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"We are the church", say ecumenical youth

By: Gustavo Bonato

Young people present their suggestions for the 9th Assembly to WCC member churches in Geneva

The World Council of Churches (WCC) wants to make its Ninth Assembly in Porto Alegre, Brazil, a space where young people are welcome and enabled to speak - and be heard. "We are doing our best for young people to have as much of an impact as possible," says Natalie Maxson, the person responsible for the WCC's youth programme.

"In the beginning, we had to keep on knocking at the church's door," says Wagner Hadlich, a member of the JEPS (Juventude Evangélica da Paróquia do Salvador), the youth group of a Lutheran congregation in Porto Alegre. "No one was against our activities, but we had to keep on reminding the parish council: 'Don't forget us! We are here, and we need your support.'"

In the end - as happens in local churches all around the world - it was the congregation which benefited from the creativity and dedication of its young members: "The biggest challenge was to keep young people's interest in faith-based activities," says Wagner. "We invented a whole bunch of dynamic games and entertaining ways to meditate, composed new songs, and kept on inviting friends from school." The group became a success that grew well beyond the limits of the particular Lutheran congregation, including also other Protestants, Roman Catholics, and people who otherwise would never have visited a church.

Many young people from Christian youth groups like the JEPS will visit the WCC's Ninth Assembly, taking place in their home city next February. And as they do in their own congregations, they will try to make their voices heard in the world-wide ecumenical community. They will join a youth camp, or participate in an "ecumenical conversation" or a Mutirão workshop, giving their opinions about the presence of youth in the churches.

"Only young people can bring the kind of fresh energy to the Assembly that we need to develop new perspectives and vision for the ecumenical movement," says Natalie Maxson, WCC's programme executive for youth. "Some will come with fresh eyes and can point out the shortcomings of our churches and the ecumenical movement. Others will be well-seasoned leaders with unique expertise on human rights, inter-religious dialogue, economic justice, HIV/AIDS and other issues facing youth in their contexts."

WCC wants to make this "the youngest Assembly in its history". The ambitious goal is to have 25% of young people between 18 and 30 among the delegates. So far, its member churches have nominated far fewer young people, more or less the same percentage as at the last Assembly in Harare 1998 (14%). But even this can be seen as a small success, because the total number of delegates per church is reduced by almost one-third, which makes it even harder to get youth into the smaller delegations.

The Assembly opens its doors

Right now the spaces for youth to have a strong impact on the Assembly are being created. There will be a three day pre-Assembly youth event, gathering young delegates and stewards to develop ideas to be brought to the Assembly. "There, we will build a strong community together. This is an essential source of support and sense of 'home' within a major event like the Assembly", Maxson says.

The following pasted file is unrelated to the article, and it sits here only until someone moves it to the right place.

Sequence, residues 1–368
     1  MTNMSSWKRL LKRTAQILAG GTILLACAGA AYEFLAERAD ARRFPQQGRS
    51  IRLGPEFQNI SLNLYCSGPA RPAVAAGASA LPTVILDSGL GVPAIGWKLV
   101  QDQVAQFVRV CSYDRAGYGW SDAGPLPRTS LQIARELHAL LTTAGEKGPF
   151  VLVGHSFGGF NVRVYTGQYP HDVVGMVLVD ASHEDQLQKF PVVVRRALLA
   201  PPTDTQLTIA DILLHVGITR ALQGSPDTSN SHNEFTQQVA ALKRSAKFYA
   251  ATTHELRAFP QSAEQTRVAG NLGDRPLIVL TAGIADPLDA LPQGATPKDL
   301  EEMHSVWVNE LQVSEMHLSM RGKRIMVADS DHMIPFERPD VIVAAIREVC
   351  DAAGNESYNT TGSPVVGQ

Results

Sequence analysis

A further 250 young people from Latin America will get together at a youth camp during the Assembly. Cláudio Becker, the Brazilian Assembly youth coordinator, calls the camp a 'trademark' of the events involving youth in Brazil. "The purpose of the youth camp is to build a space for gathering, formation, empowering and celebration. It will be a place for the young people to 'show their faces' and make their voices heard," he says.

Of the 150 young stewards helping in all the operational tasks of the assembly, 30 will come from Brazil, 20 from other countries in Latin America and 100 from the rest of the world. Their backgrounds are extremely diverse and range, for example, from that of a software engineer from the Middle East, to an Orthodox woman studying business in Canada, to a cattle farmer and a government expert for seaweed from Fiji, to that of a Christian youth worker from Brazil.

As far back as the 19th century, it was actually young people who started the ecumenical movement - in the Student Christian Movements, YMCA, YWCA - taking leadership and daring to challenge the churches. A good example of ongoing ecumenical commitment will be given by the World Student Christian Federation, which holds its executive committee meeting in Porto Alegre just prior to the Assembly.

During the Assembly, delegates and official participants will gather in 22 "ecumenical conversations", designed to provide opportunities for discussion among the delegates on significant issues. One of them will be on "Youth transforming the ecumenical landscape," and will focus on how young people and organizations like the Student Christian Movements can contribute to the unity of the churches.

But young people will not only contribute to this particular ecumenical conversation. Although the debates are restricted to the churches' official delegates, there is an exception: every young person participating in the Assembly, in no matter what capacity, can take part in all of the discussions.

"We don't want youth to speak to the Assembly, but rather the Assembly to speak with a youth voice," concludes Maxson. "For me, this paradigm honours and recognizes that we, the youth, are the church and the ecumenical movement."

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(*) Gustavo Bonato from the Evangelical Church of the Lutheran Confession in Brazil graduated in journalism at the Pontifical Catholic University in Porto Alegre, and has worked as a journalist for three years. He is currently working in Geneva in the Assembly Office as a WCC intern.